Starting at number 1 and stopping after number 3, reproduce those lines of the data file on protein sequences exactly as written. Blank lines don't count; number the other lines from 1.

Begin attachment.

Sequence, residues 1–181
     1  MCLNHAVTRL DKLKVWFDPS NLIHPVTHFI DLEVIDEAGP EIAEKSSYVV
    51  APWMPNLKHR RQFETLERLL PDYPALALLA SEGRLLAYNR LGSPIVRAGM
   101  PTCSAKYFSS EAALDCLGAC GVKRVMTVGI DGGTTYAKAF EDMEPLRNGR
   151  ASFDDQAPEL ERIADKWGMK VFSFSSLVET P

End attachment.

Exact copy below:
Sequence, residues 1–181
     1  MCLNHAVTRL DKLKVWFDPS NLIHPVTHFI DLEVIDEAGP EIAEKSSYVV
    51  APWMPNLKHR RQFETLERLL PDYPALALLA SEGRLLAYNR LGSPIVRAGM